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Read This: A detailed history of the genesis and development of The Oregon Trail

42 years ago, Carleton College seniors Bill Heinemann, Paul Dillenberger, and Don Rawitsch, searching for a way to get kids interested in western expansion, invented The Oregon Trail. Mental Floss has a lengthy feature about the genesis and history of the game, and it’s a truly fascinating read.

Originally intended to be a board game, The Oregon Trail first entertained and educated Minnesota kids via teletype, and then a few years later, with the cooperation of the Minnesota Educational Computing Consortium (also known as MECC, an acronym any old school Trail players might be familiar with) moved over to the Apple II. From there the game went from text-based to four-color graphics, and started using phrases like “You have died of dysentery.”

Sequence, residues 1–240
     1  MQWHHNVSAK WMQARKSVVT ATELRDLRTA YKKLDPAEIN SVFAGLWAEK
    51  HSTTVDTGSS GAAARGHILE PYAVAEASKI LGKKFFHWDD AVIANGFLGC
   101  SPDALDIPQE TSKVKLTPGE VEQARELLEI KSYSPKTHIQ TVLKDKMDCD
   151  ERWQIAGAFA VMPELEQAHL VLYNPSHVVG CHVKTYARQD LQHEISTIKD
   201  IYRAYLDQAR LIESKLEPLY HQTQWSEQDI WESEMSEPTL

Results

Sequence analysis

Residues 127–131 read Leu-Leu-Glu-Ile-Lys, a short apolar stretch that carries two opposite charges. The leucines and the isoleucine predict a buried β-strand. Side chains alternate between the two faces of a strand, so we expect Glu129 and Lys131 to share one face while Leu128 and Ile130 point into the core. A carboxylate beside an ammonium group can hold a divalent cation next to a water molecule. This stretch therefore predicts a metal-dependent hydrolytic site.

Since the late ’70s, the game has had a number of iterations, including an iPhone-based version that’s been downloaded over 4 million times. In the ’90s, there was almost a version of the game that would have had Barbie traversing the road from Independence, Missouri to Oregon’s Willamette Valley. Thankfully, Mattel, who owned the game at the time, started hemorrhaging money around that time and that version of the game never came to fruition.

One sad note about the invention of Oregon Trail: Heinemann, Dillenberger, and Rawitsch never really made all that much money off the game. Still, Rawitsch says, it’s not a sore point. He told Mental Floss, “so many others had a hand making it what it became that we never think, ‘Gee, we got ripped off.’” He now works as a consultant to educational tech companies in the Chicago area, and Dillenberger and Heinemann are educators.  

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